Studying pharmacists’ provided care, home and abroad

We continue our series on innovation in electives by profiling an international elective, Portugal: A Study in Comparison. This course is led by Dr. Julie Johnson and Dr. Jason Varin. In addition this course is made possible due to a partnership with a pharmacist in Portugal, Ema Paulino, who is a leader in pharmacy and advocacy. Portugal provides a great opportunity for our UMN-COP students because of the robust and interesting pharmacy landscape in Portugal, as well as the fact that many individuals in Portugal also speak English.

This elective course, open to second and third year pharmacy students, is one of several opportunities for UMN-COP students to participate in global health activities. The American Association of Colleges of Pharmacy (AACP) has identified global and international pharmacy education as a growing priority. The global pharmacy education special interest group describe several benefits of exposing pharmacy students to global health and international pharmacy, such as increasing students’ cultural competency and encouraging students to adopt a more global mindset. As the role of pharmacists expands worldwide, creating connections allows for pharmacy and pharmacy education to establish common competencies across borders.

Dr. Jason Varin talks about the design and impact of the course,

While the thought process was to familiarize the student with healthcare delivery in another country, I feel the comparative assignment creates a situation where the student also learns much about our system here as well.”

This course uses a comparative structure.  Before the trip, students spend time learning about pharmacy regulations, legislature, waste management, advocacy, independent pharmacies and pharmacist provided care in the United States and in Portugal. Then, during the two weeks in Portugal, students are immersed in the Portuguese culture and are able to visit local pharmacies,  speak to pharmacy leaders and spend time with Portuguese pharmacy students.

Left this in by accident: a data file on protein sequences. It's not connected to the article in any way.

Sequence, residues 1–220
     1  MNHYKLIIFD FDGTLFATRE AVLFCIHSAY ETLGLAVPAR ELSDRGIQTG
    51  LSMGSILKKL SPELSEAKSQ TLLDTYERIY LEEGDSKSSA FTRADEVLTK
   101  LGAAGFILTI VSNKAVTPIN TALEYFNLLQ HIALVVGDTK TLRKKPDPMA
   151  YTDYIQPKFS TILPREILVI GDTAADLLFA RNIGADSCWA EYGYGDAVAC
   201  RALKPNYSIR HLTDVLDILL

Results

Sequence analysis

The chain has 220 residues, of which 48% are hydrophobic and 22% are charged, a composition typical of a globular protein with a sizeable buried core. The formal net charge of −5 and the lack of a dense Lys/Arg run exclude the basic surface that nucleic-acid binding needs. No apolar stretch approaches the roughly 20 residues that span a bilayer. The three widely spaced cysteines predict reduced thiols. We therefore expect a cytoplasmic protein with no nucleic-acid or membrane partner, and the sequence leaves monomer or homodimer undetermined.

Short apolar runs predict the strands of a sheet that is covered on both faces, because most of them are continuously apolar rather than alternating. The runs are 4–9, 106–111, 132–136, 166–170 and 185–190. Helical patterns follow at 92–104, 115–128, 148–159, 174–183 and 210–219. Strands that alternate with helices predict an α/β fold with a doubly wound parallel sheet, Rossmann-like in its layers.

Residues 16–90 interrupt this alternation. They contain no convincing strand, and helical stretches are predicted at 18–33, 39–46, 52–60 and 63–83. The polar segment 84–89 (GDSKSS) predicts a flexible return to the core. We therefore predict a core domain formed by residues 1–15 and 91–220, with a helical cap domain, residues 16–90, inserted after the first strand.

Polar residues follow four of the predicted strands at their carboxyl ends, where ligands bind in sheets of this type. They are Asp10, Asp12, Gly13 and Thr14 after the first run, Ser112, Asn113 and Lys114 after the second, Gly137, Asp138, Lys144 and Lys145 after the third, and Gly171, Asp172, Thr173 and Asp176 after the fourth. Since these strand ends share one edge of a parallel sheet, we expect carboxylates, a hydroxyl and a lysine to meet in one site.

Several students commented that learning about pharmacy in another country caused them to think more deeply about pharmacy and pharmacy services in the United States. In addition, students commented that they realized how much they had learned about the United States (US) Health Care delivery system and pharmacy landscape, when it was their turn to teach Portuguese pharmacy students.

Minnesota pharmacy students teaching Portuguese pharmacy students about US pharmacy education.


Recent Graduate Dr. Dema Mohamed commented on her learning:

“The biggest difference I noticed between pharmacy in the US and pharmacy in Portugal is in community pharmacy. All of their community pharmacies are independently owned whereas in the US finding independently owned pharmacies is a bit of a struggle and they continue to go out of business…Within their community pharmacies, pharmacists are able to do the following in addition to dispensing medications and counseling their patients on the medications: conduct various health assessments related to diabetes and cholesterol, hearing, skincare checks, obtain labs, nutrition checks, schedule exams for their patients, administer vaccines and other injectable medications, and have pharmaceutical consultations similar to MTM visits in the US. “

Minnesota pharmacy students visiting with a Portuguese pharmacist at a local Independent Pharmacy

Fourth year student Vu Ha explains how this elective has shaped his pharmacy education:

“This unique experience to take an international pharmacy education elective was truly eye-opening and changed the way that I viewed how pharmacy practice is accomplished differently throughout the world. Pharmacy is still a blooming profession not only in the US, but for other countries as well. This results in virtually endless opportunities to be an effective partner to any health care team. There has also been significant strides by Portugal and European Union to keep their curriculum universal so that their graduating pharmacists can relocate to any approved country”

We are thankful for these continued connections with Portuguese pharmacists and the opportunity for our students to broaden their knowledge and perspectives on the impact of pharmacy near and far.